WS leaves and roots have been found to improve oxidative stress indices such as an increase in superoxide dismutase, catalase, glutathione, lactate dehydrogenase, alanine, glutamine, phenylalanine, and decrease in cortisol and fructose [12, 2225, 34, 36, 47, 51, 58].

In a study investigating effects of 6.5 mg of WS root extract on Nile tilapia, it was found that this extract with androgenic effects decreased prolactin level and estrogen level by inhibiting aromatase activity and induced male phenotype formation; this phenomenon was proposed to be due to components such as tannin, saponins, terpenoids, steroids, and flavonoids [46].

4. Discussion

Traditional and complementary medicine have been more popular nowadays to cure health related conditions [67]. This proposes a new strong potential in traditional and complementary medicine to come up with new medical combinations with fewer side effects [6870]. Traditional Persian medicine is one of the most well-known categories of traditional medicine using herbal medicine as one of the main therapeutic modalities [71].

Withania somnifera is one of the herbal medicines widely used for the treatment of infertility and sexual dysfunction. This plant has been known to contain more than 80 types of phytochemicals such as steroidal and nonsteroidal alkaloids, steroidal lactones and saponins like isopelletierine, anaferin, anahygrine, hygrine, cuscohygrine, tropine, pseudotropine, withananine, ashwagandha, withaferins, withananinine, pseudowithanine, somnine, somniferine, somniferinine, 3-tropyltigloate, withanine, withasomine, visamine, mesoanaferine, sitoindoside (7–10), hentriacontane, amino acids such as aspartic acid, glycine, tryptophan, proline, alanine, tyrosine, hydroxyproline valine, cystine, glutamic acid, and cysteine, calcium, phosphorus, iron, flavonoids, starch, reducing sugars, proteolytic enzyme “chamase,” glycosides, dulcitol, and volatile oil. Of all these components, withaferin A and sitoindosides had the key role in WS therapeutic effects [11, 13, 23, 33, 34, 60, 61, 72].

Based on the present study, it was shown that extracts of WS fruits, leaves, stems, and especially roots enhance sperm quality indices such as motility and count in men [12, 20, 24, 25] and also decrease the effects of chemical toxins on gonads in both men and women [13, 15, 29, 3338, 41, 44, 45, 59]. WS can increase gonadal weight in both sexes, enhance folliculogenesis and spermatogenesis, and improve LH, FSH, and testosterone balances [15, 27, 31, 35, 36, 38, 42, 44, 45]. Sexual behavior indices such as female sexual function index and female sexual distress index improve statistically significant after WS extract administration [21].

The mechanism of WS effect on the reproductive system is not known entirely yet, but this mechanism is proposed to be linked to the antioxidative features and ability to improve the hormonal balance of LH, FSH, and testosterone and improve detoxification process. Also, the GABA mimetic feature of WS extract is thought to play the main role in inducing gonadotropin releasing hormone secretion and improving hormonal balance [23, 27, 31, 3436, 42, 44, 47, 51]. In the male reproductive system, it is assumed that WS by providing metal ions facilitates enzyme activities, modifies oxidative stress, and prevents cell apoptosis [23]. The root extract of WS has been shown to induce alanine transaminase activity which increases alanine in seminal fluid leading to a less oxidative stress index and improved semen quality [24]. Normalizing lactate, phenylalanine, glutamine, citrate, and histidine in seminal fluid are another feature of WS extract which improves enzymatic processes in tricarboxylic acid cycle (TCA) and fatty acid metabolism [12, 59]. On the other hand, some animal studies have suggested that WS extract may cause reversible spermicidal and infertilizing effect in male and delayed puberty in both sexes; this might be due to the dose, preparation method, adjuvant components, and duration of use designated in mentioned studies [28, 30, 49, 53, 56].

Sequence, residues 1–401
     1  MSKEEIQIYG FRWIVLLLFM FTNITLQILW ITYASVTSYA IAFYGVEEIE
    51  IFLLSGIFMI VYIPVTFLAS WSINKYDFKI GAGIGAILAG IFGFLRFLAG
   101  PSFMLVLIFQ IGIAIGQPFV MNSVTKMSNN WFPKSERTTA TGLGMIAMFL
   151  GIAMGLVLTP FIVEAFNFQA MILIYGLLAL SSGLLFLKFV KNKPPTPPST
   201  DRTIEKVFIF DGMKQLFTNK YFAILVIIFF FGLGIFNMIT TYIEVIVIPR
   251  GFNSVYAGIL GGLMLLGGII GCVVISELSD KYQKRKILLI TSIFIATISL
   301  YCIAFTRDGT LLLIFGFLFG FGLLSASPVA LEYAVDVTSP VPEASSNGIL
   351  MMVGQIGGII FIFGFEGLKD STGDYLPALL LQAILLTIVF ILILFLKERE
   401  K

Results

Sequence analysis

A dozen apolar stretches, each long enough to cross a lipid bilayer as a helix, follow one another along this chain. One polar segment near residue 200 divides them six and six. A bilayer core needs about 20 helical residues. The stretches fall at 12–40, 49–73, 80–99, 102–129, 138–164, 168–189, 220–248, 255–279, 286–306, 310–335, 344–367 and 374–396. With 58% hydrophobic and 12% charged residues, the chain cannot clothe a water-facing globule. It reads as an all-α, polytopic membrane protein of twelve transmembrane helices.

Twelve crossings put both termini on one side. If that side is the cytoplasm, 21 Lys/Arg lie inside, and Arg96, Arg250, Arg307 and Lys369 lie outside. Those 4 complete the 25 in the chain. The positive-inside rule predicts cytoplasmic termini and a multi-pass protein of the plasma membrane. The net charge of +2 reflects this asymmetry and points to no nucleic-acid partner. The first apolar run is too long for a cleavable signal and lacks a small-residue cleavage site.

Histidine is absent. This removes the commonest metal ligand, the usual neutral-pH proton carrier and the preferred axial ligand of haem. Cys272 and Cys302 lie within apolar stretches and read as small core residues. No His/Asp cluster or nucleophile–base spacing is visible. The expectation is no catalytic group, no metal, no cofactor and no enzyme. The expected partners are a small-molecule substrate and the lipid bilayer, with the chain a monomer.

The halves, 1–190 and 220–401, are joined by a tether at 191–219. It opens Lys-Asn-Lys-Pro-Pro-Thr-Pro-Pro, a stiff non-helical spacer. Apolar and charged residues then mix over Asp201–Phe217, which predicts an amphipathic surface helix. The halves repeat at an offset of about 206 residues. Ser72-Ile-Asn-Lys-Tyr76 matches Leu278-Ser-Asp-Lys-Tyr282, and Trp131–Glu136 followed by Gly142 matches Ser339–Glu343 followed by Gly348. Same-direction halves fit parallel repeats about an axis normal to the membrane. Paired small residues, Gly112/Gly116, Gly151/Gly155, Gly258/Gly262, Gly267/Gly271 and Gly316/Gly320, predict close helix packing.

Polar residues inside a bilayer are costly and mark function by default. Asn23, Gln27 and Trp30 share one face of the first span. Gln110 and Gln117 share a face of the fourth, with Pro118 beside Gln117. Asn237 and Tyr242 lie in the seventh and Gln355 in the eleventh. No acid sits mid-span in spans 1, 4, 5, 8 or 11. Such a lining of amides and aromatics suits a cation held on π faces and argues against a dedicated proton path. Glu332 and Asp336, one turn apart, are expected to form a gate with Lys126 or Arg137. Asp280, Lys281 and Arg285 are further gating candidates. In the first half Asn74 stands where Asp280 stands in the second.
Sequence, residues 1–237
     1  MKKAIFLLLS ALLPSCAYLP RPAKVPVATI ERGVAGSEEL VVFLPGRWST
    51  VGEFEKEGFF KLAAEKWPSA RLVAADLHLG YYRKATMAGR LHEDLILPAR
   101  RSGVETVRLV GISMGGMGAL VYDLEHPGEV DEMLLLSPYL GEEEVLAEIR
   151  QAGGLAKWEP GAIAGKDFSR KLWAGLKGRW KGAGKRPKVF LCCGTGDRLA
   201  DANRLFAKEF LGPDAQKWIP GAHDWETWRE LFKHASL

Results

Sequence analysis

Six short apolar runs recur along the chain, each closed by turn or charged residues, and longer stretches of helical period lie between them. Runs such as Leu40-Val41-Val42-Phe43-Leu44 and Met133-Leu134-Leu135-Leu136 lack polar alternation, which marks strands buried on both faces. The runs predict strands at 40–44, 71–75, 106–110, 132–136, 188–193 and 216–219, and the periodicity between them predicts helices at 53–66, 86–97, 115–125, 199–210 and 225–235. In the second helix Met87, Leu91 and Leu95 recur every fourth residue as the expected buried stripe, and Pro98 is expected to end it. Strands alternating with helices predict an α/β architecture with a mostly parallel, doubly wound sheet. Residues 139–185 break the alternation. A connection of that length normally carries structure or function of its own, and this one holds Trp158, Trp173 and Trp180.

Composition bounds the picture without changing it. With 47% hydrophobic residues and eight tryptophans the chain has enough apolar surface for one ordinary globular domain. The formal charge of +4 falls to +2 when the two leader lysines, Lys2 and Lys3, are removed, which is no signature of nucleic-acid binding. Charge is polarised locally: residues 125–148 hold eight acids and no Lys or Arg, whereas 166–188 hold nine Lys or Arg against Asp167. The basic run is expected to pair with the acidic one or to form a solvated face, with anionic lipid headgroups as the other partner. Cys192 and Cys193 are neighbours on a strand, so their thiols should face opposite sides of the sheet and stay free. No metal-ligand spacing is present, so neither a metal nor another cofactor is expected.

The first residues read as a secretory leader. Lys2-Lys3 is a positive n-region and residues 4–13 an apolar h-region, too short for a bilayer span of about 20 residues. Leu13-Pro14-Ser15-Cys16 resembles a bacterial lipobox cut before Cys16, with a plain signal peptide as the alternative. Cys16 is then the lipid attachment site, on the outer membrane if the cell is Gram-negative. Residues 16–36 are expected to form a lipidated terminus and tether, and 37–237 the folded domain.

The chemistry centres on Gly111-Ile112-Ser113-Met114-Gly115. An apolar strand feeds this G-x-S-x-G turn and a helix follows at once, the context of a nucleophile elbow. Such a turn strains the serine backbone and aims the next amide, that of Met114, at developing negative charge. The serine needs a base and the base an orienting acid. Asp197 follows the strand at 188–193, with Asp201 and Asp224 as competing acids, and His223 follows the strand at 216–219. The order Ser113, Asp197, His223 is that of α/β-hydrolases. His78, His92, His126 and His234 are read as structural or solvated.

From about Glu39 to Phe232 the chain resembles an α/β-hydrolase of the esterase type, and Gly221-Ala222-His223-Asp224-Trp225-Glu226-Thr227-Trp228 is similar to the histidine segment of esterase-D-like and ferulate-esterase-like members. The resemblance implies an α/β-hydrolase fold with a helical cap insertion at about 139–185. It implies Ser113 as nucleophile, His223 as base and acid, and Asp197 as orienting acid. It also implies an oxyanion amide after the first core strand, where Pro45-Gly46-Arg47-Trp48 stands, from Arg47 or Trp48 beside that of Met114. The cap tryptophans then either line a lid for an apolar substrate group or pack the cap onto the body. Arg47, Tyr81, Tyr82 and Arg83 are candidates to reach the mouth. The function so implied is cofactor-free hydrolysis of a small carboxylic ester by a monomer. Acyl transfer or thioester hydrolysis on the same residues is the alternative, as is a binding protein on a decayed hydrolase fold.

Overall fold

5. Conclusion

Based on the results, it deems that Withania somnifera has a positive effect in the treatment of infertility both in male and female. Although some studies proposed that WS extract might have infertilizing and spermicidal effect. Due to the growing interest in using herbal medicine especially those which possess the antioxidative and reproductive system supporting properties, further studies are needed to be designed with higher population and more-structured methodology so a more precise and decisive conclusion can be made.

Conflicts of Interest

The authors declare that they have no conflicts of interest.

Acknowledgments

This research was supported by Tabriz University of Medical Sciences and presented as a Ph.D. thesis (Ramin Nasimi Doost Azgomi, no. 3) at School of Traditional Medicine, Tabriz University of Medical Sciences.